Lindeman, p. 57.

Herzl’s rhetoric was firmly in the eastern European paradigm of nationalism that started with the retreat of the Ottoman Empire and was bolstered during the Greek War of Independence in 1831. In order to survive, Jews had to have a land of their own; they had to have their own Zion. Theodor Herzl did not invent the concept of Zionism, as it had always been an underlying idea in Judaism, but he did bring it into modern intellectual discourse. The shape of this Jewish state and its location were to be matters of some contention amongst the Jewish leadership and intelligentsia.





The earliest debate in the Zionist movement was over the culture of the Jewish state. This was an explosive argument because it raised the question, “Who is a Jew?” Was the Jewish state to be simply an Ashkenazi refuge governed by Ashkenazim and steeped in Ashkenazi culture, or was the Jewish state supposed to become the center of a Jewish cultural revival, a place where Jews could shed their European ways and return to their Middle Eastern origins? The debate created two strands of Zionism: practical Zionism and cultural Zionism.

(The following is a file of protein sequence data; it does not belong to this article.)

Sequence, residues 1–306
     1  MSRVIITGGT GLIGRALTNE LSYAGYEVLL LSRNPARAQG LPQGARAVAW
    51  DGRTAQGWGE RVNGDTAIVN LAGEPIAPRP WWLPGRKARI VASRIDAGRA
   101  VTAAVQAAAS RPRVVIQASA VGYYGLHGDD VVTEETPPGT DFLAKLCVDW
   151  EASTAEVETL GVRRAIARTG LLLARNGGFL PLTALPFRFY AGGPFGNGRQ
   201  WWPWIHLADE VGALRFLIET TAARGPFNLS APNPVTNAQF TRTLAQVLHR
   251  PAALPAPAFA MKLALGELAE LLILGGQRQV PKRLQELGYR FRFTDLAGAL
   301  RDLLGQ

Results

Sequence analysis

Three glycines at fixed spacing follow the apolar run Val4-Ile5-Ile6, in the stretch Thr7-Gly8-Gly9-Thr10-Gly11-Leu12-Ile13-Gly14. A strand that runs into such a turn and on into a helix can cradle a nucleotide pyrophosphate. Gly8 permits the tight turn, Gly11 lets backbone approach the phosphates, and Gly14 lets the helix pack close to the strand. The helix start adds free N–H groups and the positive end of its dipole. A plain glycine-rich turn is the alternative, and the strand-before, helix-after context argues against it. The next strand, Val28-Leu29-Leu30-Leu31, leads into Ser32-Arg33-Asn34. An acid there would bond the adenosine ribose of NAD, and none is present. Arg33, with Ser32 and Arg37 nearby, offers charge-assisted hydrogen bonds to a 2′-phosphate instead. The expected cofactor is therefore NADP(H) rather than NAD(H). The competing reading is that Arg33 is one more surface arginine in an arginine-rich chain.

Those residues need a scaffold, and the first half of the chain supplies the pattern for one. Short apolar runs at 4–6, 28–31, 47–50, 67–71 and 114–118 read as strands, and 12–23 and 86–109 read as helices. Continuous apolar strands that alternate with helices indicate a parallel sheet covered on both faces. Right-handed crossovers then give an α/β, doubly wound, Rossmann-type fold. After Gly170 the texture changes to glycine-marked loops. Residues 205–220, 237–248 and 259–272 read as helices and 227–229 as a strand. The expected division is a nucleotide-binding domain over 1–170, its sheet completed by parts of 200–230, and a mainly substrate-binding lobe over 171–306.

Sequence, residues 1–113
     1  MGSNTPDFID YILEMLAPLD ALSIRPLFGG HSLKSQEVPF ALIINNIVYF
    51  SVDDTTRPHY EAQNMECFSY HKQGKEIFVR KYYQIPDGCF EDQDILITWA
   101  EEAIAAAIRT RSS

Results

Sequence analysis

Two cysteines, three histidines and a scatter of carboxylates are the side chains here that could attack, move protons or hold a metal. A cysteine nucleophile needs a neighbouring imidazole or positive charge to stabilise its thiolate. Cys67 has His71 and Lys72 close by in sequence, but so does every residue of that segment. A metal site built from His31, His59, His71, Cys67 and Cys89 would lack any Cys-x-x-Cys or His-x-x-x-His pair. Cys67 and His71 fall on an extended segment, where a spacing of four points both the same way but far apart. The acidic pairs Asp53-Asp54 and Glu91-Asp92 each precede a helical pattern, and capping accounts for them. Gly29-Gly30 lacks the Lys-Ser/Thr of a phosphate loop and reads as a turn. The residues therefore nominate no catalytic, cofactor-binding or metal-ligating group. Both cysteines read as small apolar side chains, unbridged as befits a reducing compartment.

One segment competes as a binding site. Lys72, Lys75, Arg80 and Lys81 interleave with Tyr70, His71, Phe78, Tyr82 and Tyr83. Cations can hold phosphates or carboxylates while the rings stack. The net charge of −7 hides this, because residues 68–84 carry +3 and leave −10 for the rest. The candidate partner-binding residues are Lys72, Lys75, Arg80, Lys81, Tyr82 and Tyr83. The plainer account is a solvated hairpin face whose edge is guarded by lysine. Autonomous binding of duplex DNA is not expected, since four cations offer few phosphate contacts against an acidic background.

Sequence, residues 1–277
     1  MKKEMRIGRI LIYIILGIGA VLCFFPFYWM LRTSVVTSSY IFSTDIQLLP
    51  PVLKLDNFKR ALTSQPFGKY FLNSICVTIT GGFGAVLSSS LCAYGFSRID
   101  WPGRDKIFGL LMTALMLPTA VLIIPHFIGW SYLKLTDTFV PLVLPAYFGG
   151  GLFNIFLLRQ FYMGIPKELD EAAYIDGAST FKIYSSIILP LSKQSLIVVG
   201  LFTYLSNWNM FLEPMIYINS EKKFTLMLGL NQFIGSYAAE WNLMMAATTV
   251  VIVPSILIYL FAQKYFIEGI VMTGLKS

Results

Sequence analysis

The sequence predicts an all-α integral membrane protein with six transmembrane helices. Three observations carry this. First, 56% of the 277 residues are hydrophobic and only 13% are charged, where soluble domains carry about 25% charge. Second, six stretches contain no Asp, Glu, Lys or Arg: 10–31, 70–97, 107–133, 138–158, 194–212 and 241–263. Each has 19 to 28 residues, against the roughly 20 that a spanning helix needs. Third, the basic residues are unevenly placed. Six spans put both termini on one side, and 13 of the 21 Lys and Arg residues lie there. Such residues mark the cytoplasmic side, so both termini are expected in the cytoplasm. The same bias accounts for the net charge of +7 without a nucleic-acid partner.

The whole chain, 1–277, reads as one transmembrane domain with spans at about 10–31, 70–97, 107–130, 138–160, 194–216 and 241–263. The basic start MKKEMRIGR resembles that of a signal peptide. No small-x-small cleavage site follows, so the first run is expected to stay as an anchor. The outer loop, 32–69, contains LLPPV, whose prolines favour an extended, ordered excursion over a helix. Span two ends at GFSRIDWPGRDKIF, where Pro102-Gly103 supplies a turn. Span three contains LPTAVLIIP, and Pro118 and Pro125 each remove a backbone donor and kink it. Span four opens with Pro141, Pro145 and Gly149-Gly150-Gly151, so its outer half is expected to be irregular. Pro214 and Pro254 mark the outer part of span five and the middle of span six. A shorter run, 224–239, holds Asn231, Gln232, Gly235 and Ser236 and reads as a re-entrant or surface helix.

Practical Zionism, advocated by Herzl himself, aimed to establish a modern European Jewish state in Palestine. The cities, such as Tel Aviv, would be modeled on European cities. The legal system would be secular, with a distinct separation between the Rabbinate and the State. German, not Hebrew or Yiddish, would be the national language. Herzl’s aim, then, was to create a German Jewish state in Palestine. It is evident from his journals in 1895 that he viewed the establishment of a Jewish state as a means of gaining acceptance as a German by Germans. Herzl wrote in his diary on June 15, 1895, that “I am a German Jew from Hungary and can never be anything but a German. At present I am not recognized as a German. But that will come once we are over there.” 87 The other end of the pole of the early Zionist movement was led by Achad Ha’am. Ha’am was the pen-name of Asher Hirsch Ginsberg, born in Ukraine in 1856. He advocated the settlement of Jews in Palestine, organized the first European Jewish settlement in Ottoman-ruled Palestine beginning in 1882, and openly opposed Herzl.